A highlight, for me, of the Inaugural Scholarship of Technology Enhanced Learning (SoTEL) symposium last week, was the discussion sparked by Prof. John Clayton’s trendsetter address. John’s presentation explored the idea that knowledge is shaped by social context and the implications of this for designing a modern curriculum. John argued that the focus should be on the learner and what they can do or apply rather than on the teaching of curriculum content. A lively discussion, facilitated by Mark Northover, followed.
It intrigued me that following a presentation which drew heavily on the idea of negotiating meaning, those of us who attended the session ended up debating the meanings of teacher and teaching.
The debate ended without any firm conclusions yet, it felt like an essential discussion to have and SoTEL felt like a safe place to have it. As Gert Biesta (2005) has pointed out:
One important reason why language matters to education, [is] because the language or languages we have available to speak about education determine to a large extent what can be said and done, and thus what cannot be said and done. (p. 54)
Mark rightly acknowledged the person in the audience who bravely pointed out that at least one of the issues with privileging learning over teaching is the potential to devalue teaching and teachers and their role in education. And that acknowledgement was important precisely because the dominant discourse, in John’s presentation, and arguably more widely in higher education, is the language of learning. Biesta (2012) describes the problem:
The problem with the language of learning and with the wider ‘learnification’ (Biesta, 2010a) of educational discourse is that it makes it far more difficult, if not impossible, to ask the crucial educational questions about content, purpose and relationships. (p.36)
So what is it about this language of ours that causes a room full of experienced teachers to falter over the meaning of the very words that describe what we do? Can we really not speak freely about teaching?
A couple of years ago, my colleague, Swee-Kin Loke and I published, Discursive constructions of teacher in an educational technology journal, a detailed corpus analysis of the use of the words teacher and teaching in every issue of AJET over a period of 23 years. Amongst other things, what we found was that the quality of being a teacher was predominantly represented as being old and negative and most frequently characterised as obsolete, didactic, ineffective, lacking interactivity, or restricting student autonomy. There is an implicit negative characterisation of teacher and teaching that dominates the educational technology research discourse. (At least, it does if several years of AJET can be taken to be representative of the discourse.)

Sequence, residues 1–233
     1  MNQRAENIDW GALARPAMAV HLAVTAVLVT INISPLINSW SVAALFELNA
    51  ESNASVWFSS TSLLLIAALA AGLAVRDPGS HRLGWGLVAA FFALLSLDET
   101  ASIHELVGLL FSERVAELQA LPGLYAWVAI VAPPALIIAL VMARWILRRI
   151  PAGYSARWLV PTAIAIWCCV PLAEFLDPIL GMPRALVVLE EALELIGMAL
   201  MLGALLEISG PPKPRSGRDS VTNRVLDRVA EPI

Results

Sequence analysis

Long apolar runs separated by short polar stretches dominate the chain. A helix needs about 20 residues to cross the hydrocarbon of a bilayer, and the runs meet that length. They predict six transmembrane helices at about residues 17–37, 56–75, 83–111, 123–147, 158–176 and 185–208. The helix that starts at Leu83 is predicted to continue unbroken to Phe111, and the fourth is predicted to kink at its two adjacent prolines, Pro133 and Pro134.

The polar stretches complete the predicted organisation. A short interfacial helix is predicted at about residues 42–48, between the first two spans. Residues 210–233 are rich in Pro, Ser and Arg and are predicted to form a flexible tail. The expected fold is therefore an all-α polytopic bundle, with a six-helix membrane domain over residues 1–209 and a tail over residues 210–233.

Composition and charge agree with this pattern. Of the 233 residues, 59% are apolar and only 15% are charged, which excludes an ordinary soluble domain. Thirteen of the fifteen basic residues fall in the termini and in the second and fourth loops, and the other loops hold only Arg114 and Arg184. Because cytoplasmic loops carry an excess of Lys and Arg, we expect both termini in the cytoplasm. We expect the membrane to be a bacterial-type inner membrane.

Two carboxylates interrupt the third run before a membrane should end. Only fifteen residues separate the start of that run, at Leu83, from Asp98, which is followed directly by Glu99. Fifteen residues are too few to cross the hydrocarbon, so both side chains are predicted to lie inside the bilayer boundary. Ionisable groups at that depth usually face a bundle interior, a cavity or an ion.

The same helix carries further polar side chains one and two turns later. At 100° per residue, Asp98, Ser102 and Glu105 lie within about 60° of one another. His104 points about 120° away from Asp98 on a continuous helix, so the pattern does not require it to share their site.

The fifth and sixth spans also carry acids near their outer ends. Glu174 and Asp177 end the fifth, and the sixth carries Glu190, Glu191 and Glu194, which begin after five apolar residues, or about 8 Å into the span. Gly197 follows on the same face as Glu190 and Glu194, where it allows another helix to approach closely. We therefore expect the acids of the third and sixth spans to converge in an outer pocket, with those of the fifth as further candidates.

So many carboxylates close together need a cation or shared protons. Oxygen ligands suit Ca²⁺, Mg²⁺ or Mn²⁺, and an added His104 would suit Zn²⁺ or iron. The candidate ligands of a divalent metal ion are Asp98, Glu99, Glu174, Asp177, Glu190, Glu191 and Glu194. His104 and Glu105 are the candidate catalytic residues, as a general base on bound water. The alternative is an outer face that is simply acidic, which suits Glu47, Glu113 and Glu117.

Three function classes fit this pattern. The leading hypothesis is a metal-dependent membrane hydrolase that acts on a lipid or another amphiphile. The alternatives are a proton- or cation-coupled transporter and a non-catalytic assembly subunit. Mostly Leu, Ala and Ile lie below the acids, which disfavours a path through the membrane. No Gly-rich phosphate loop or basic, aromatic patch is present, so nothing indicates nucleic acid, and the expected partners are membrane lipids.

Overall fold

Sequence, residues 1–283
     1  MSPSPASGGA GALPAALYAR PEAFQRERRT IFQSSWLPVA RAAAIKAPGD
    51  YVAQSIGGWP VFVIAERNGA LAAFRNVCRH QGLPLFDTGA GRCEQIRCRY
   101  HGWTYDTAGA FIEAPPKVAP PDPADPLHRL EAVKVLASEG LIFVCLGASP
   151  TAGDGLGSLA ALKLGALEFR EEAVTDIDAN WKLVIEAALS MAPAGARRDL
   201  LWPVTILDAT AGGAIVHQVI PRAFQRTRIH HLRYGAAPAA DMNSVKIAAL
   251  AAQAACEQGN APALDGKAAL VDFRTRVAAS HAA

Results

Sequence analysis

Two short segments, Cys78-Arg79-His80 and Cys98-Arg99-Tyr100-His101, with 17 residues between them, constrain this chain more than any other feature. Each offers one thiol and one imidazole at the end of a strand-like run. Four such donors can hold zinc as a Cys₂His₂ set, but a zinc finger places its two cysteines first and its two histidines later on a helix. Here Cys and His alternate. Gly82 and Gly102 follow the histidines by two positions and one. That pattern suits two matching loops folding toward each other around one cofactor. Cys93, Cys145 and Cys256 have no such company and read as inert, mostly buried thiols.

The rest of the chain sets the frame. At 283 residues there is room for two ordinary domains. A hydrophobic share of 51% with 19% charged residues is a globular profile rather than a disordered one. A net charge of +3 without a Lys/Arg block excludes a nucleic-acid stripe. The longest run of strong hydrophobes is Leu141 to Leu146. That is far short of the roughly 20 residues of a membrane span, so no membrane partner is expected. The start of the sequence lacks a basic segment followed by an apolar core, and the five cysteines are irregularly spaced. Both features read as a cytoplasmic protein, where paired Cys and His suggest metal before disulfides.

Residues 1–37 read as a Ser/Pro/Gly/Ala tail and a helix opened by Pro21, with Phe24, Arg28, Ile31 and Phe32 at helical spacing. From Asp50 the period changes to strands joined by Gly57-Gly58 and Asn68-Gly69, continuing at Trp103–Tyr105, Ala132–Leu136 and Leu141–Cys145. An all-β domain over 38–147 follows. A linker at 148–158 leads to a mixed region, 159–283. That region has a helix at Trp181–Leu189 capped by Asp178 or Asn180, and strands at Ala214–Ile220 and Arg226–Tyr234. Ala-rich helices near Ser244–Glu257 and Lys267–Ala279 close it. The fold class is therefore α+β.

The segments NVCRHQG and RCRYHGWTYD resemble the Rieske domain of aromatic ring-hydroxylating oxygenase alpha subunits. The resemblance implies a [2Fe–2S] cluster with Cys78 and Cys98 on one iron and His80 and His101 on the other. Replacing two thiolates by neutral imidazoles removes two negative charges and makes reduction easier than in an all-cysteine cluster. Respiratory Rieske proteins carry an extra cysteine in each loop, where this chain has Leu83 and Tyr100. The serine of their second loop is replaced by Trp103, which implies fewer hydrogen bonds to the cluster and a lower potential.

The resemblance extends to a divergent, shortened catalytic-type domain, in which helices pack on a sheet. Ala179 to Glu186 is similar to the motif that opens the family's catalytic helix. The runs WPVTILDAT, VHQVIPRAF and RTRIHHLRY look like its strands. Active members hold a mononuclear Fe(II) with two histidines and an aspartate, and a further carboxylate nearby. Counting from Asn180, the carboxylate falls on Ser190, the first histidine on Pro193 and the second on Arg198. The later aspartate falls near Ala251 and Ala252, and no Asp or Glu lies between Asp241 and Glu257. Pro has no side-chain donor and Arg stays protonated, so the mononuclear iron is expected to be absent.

As we point out in our paper, this portrayal of teacher-centred practices as being negative can be questioned and indeed was, even by the father of constructivism himself, Piaget (1970).
Generally speaking, since every discipline must include a certain body of acquired facts as well as the possibility of giving rise to numerous research activities and activities of rediscovery, it is possible to envisage a balance being struck… between the different parts being played by memorising and free activity (p. 78)
A number of researchers more recently have challenged the appeal of student-centred approaches: In a review of empirical studies over a 50 year period, Kirschner, Sweller, and Clark (2006) found that student-centred instruction is less effective and less efficient than teacher-centred instruction; Selwyn (2012) cautions that researchers in the educational technology space often “unthinkingly” characterise new technologies and new pedagogies as being better than old ones; new is associated with progress. Our study of the AJET corpus, supports this association. Schweisfurth (2011) noted that the idea of student-centred education may be a Western construct, and largely irrelevant to non-Western cultures of learning. Indeed, in the course of the discussion following John’s presentation, it was pointed out that the Māori word, Ako makes no distinction between teacher and learner and is grounded in the idea of a reciprocal relationship.
Biesta argues that the language of learning, with its focus on meeting learner needs, not only makes it hard to value the work of teachers; it also makes it hard to even have a discussion about the point of education and the purpose of developing educational relationships. The “gift of the teacher”, he suggests, is that of bringing something new to light and that gift arises out of “the fragile interplay between the teacher and the student” Biesta (2012, p.42). If we lose the teacher and teaching in the contemporary discourse of learning do we risk losing that gift?
Nearly a century ago, Virgina Woolf, in a rare BBC recording commented that,
Words do not belong in dictionaries. Words, belong in the mind..
As long as words belong in the mind we must negotiate their meaning. And, following Wittgenstein, what is language if not meaning in use? Perhaps now, more than ever, in a period of rapid change in both technology and the institution of higher education, we surely have the responsibility to create meaning and, I would argue, a responsibility to respect and reimagine the essential role of the teacher. For there is no full-stop after student-centred learning; the uncritical adoption of the dominant discourse will do nothing to advance the scholarship of technology enhanced learning and teaching.
So, I’ll look forward to continuing this and many other useful discussions at SoTEL again next year – many thanks to the organisers for a thoroughly worthwhile event.